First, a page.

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Displaying posts with tag: gtids (reset)

How to use MySQL Global Transaction IDs (GTIDs) in production
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Reconfiguring replication has always been a challenge with MySQL. Each time the replication topology has to be changed, the process is tedious and error-prone because finding the correct binlog position is not straightforward at all. Global Transaction IDs (GTIDs) introduced in MySQL 5.6 aim at solving this annoying issue.

The idea is quite simple: each transaction is associated with a unique identifier shared by all servers in a given replication topology. Now reconfiguring replication is easy as the correct binlog position can be automatically calculated by the server.

Awesome? Yes it is! However GTIDs are also changing a lot of things in how we can perform operations on replication. For instance,

  [Read more...]
How to use MySQL Global Transaction IDs (GTIDs) in production
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Reconfiguring replication has always been a challenge with MySQL. Each time the replication topology has to be changed, the process is tedious and error-prone because finding the correct binlog position is not straightforward at all. Global Transaction IDs (GTIDs) introduced in MySQL 5.6 aim at solving this annoying issue.

The idea is quite simple: each transaction is associated with a unique identifier shared by all servers in a given replication topology. Now reconfiguring replication is easy as the correct binlog position can be automatically calculated by the server.

Awesome? Yes it is! However GTIDs are also changing a lot of things in how we can perform operations on replication. For instance, skipping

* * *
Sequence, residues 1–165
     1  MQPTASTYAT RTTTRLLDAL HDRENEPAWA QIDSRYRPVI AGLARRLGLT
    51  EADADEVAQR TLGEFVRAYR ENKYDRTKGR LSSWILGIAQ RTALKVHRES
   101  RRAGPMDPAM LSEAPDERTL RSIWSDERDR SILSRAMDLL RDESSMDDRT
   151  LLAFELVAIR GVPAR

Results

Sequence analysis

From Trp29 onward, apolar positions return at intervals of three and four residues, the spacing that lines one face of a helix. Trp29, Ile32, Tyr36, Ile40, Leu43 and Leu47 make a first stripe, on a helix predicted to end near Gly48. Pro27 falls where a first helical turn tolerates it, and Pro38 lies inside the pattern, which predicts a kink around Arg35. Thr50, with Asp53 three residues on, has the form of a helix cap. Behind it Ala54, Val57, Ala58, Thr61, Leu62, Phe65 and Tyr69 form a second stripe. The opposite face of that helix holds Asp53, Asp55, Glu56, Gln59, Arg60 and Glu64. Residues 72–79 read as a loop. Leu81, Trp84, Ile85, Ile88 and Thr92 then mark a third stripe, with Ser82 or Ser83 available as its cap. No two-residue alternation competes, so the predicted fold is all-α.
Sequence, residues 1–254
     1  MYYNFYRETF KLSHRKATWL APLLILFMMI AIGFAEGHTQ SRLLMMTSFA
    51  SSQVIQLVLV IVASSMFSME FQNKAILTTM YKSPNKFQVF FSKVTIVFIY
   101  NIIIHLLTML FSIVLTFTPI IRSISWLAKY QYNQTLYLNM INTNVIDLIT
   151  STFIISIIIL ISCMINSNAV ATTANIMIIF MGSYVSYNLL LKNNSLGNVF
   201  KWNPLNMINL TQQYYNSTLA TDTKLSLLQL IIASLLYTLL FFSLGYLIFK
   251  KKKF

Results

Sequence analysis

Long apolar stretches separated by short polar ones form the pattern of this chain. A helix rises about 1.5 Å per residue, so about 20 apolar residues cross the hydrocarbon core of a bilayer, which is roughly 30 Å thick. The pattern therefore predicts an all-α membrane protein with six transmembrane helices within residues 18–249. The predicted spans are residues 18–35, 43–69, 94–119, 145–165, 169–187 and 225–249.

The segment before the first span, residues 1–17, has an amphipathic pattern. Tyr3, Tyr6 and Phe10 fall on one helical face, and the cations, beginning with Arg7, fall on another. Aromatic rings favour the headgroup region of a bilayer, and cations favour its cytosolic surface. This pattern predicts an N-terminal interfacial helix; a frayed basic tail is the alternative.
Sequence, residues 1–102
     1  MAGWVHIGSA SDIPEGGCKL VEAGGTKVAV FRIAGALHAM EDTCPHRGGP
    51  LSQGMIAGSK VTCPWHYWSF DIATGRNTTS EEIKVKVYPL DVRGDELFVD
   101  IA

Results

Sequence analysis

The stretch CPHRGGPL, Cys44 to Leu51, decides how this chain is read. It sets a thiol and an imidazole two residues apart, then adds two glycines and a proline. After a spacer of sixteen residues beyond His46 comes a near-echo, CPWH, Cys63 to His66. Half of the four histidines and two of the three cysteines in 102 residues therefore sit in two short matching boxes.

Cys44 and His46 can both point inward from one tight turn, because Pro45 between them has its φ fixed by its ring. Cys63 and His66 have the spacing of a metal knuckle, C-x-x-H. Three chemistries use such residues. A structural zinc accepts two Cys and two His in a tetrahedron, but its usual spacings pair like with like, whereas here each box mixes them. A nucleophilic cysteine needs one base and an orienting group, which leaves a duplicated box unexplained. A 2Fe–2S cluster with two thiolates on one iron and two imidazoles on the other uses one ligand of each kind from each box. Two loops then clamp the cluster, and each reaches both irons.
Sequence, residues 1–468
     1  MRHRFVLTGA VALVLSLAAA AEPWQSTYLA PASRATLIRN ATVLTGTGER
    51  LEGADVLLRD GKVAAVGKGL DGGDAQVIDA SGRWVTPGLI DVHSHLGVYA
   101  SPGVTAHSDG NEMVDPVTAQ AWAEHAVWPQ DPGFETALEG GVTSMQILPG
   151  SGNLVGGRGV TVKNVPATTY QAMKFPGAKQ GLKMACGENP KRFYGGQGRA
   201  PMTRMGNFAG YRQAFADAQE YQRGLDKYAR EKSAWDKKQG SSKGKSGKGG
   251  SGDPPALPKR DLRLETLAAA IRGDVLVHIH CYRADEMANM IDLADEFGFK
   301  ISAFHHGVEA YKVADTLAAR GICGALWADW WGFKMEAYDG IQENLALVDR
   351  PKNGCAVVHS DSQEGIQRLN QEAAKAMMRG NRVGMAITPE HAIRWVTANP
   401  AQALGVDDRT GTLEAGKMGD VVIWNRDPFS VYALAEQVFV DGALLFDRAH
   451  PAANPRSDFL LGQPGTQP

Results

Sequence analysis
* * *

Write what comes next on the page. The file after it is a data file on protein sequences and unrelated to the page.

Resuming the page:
[Read more...]
Enabling MySQL Multi-Source Replication Workflows with GTIDs
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The goal of this post is twofold: (i) to show the power of GTIDs and MySQL 5.6 replication infrastructure in general; and (ii) show MySQL users a way to hack multi-source replication rather painlessly and rather quickly on top of MySQL 5.6 when using the new MySQL 5.6 replication features.

Multi-source Replication

Multi-source replication is often regarded as a mean to aggregate, consolidate, different streams of data into one single server instance, a sink. In many cases the following assumptions hold:
  • There are no conflicts between transactions from different sources/masters;
  • Replication is asynchronous
  •   [Read more...]
    MySQL Replication: Self-Healing Recovery with GTIDs and MySQL Utilities
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    MySQL 5.6 includes a host of enhancements to replication (http://www.mysql.com/products/enterprise/replication.html), enabling DevOps teams to reliably scale-out their MySQL infrastructure across commodity hardware, on-premise or in the cloud.

    One of the most significant enhancements is the introduction of Global Transaction Identifiers (GTIDs) where the primary development motivation was:

    - enabling seamless failover or switchover from a replication master to slave

    - promoting that slave to the new master

    - without manual intervention and with minimal service disruption.

    You can download the new MySQL Replication High Availability Guide (http://www.mysql.com/why-mysql/white-papers/mysql-replication-high-availability/) to

      [Read more...]
    Showing entries 1 to 4

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